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Lately mobile news has been producing quite a buzz over the introduction of “Google Edition” devices; first we see the GE Samsung Galaxy S 4, and shortly after we discover the GE HTC One. For the most part, we’ve seen mainly positive reactions regarding these devices (exceptions included). Good news comes today in the form of another Google Edition flagship device, and this time it’s from our friends at Sony with a GE Xperia Z.

Although the device has been confirmed by a few trusted websites, Sony themselves haven’t actually come out with a public statement confirming this addition to the Google Edition family.

The Sony Xperia Z was one of my favorite devices that I was looking forward to seeing this year, although it seemed that any sort of hype for the device was largely overshadowed by other flagships like the HTC One and the Samsung Galaxy S 4. Here in the U.S., it’s probably due largely in part that we still don’t have the original device available on any of our carriers yet. Perhaps with a Google Edition release of the device it can generate some more interest.

As we’ve discussed before, Google Editions is largely a competition of hardware features rather than software features, which can be a good or a bad thing depending on how you look at it. On the one hand the phone loses all of the features that made the phone unique – and not only that, AOSP strips these phones of any camera software that it may have been banking on to create a clearer, crisper image. On the other hand, you get these flagship devices with a clean slate to really do what you want with it, plus the added bonus of being able to get “timely updates” straight from Google, giving you a pseudo-Nexus experience.

When it comes to Google Editions, what exactly does the Xperia Z have to offer compared to other Google Edition models?

The actual specs of the device are nearly on-par with its competitors: a 5-inch 1080p HD display, quad-core S4 Snapdragon Pro processor, 2 GB of RAM, 13-megapixel rear-facing camera, and 16 GB of internal memory with microSD slot that can support up to 64 GB of external memory.

Most notably, the Sony Xperia Z offers a tempting hardware feature that’s been highly praised by many, and that’s the fact that it’s a waterproof phone. Liquid damage is one of the most terrifying things that can happen to any type of electronic. If it happens to one of yours, you might as well start making funeral arrangements because it’s only a matter of time before the water seeps into the more important components of the device. But not if you have the Sony Xperia Z! Well, maybe you just have a better chance of it surviving in certain water conditions as the ports in the device have to be plugged up, not to mention it’s only mentioned to work in freshwater which means a day longboarding at the beach should probably not be in your Xperia Z’s itinerary during vacation. Regardless, extended effort to make the phone more waterproof than any other device certainly gives the Xperia Z somewhat of a boost over its other Google Edition competitors (as the GE Galaxy S 4 is a reincarnation of the original Galaxy S 4, not the dust-proof, waterproof Galaxy S 4 Active).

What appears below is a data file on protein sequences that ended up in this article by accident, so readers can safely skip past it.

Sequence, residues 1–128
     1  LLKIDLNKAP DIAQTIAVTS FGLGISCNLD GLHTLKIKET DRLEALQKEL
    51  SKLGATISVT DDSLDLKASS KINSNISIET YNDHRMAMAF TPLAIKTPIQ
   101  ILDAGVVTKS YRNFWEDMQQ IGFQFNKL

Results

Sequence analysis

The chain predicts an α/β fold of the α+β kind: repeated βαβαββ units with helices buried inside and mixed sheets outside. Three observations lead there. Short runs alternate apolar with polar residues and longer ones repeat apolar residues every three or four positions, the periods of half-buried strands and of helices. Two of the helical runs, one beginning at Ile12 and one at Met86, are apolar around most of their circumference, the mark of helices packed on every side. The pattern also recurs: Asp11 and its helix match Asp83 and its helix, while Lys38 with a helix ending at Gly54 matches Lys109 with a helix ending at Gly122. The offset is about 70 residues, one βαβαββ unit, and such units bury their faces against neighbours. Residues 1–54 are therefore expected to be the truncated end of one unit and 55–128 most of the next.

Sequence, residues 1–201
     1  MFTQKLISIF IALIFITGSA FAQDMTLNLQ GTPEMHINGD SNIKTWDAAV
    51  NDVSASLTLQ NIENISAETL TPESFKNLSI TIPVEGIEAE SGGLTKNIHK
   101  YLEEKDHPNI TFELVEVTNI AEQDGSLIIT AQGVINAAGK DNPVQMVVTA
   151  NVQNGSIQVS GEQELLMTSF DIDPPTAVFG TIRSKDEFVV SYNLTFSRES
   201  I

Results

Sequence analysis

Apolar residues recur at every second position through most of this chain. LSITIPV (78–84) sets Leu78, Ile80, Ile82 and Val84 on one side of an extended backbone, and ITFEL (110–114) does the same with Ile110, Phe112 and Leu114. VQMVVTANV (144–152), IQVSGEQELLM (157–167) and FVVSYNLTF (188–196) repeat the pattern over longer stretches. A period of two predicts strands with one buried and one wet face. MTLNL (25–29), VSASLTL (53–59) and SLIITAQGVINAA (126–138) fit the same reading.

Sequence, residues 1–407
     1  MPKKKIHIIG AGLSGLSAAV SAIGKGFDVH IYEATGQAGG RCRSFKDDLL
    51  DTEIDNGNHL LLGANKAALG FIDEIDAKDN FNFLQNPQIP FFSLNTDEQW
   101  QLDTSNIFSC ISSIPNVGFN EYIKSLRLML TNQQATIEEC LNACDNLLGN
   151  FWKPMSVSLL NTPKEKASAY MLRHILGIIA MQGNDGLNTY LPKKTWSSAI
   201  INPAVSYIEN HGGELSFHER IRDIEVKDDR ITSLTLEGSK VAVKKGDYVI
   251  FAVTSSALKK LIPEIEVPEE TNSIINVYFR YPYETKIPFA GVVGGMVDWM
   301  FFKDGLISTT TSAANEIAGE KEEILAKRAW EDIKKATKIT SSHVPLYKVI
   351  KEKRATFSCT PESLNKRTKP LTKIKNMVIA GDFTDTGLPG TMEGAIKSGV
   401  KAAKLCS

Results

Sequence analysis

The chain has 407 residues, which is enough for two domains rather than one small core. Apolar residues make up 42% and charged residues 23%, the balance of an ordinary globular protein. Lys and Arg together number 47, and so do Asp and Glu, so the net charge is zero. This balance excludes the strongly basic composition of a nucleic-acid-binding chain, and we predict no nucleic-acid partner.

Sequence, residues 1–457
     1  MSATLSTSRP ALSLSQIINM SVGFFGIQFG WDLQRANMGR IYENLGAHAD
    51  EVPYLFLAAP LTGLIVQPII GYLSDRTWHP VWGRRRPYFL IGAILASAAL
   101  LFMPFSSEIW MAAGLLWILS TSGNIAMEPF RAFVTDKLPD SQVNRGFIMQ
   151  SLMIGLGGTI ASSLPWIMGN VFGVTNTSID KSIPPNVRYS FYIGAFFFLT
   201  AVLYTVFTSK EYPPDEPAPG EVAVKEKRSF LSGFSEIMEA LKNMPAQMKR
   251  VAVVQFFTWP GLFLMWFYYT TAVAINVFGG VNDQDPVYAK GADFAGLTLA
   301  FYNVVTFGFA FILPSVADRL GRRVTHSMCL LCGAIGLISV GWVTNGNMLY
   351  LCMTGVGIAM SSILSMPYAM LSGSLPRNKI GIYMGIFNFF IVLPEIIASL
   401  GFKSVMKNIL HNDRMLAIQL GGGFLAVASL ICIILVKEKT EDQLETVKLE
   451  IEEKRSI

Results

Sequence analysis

Another reason why the Xperia Z might out-Nexus its competitors is simply by the fact that Sony already utilizes on-screen buttons, which might make this the next best thing compared to a real Nexus device. The HTC One and the Samsung Galaxy S 4 both have capacitive buttons, which for some really takes away from the true Nexus-like experience (which to me just sounds like they should wait for the next Nexus to arrive) but at least the Sony Xperia Z kind of gives people who are wanting an alternative to the real Nexus but would rather have on-screen buttons another option in the market.

The only thing I see really holding the Xperia back is the fact that underneath that pretty little device it’s still using a slightly outdated processor compared to its competitors. Considering the GE Sony Xperia Z is set to sell for around $650 (again, not entirely confirmed) which is the same price as the GE Galaxy S 4, you basically have to choose between waterproofing or a more powerful processor for that price. Nonetheless, the Xperia Z is still able to bring some new features to the table when it comes to choosing a Google Edition device even without the updated processor.

So readers, now I ask you: Does a Google Edition Sony Xperia Z tempt you to break into this new Google Edition fad? If not, which Google Edition device would you rather have?

Images via Clove, YourGadgetGuide


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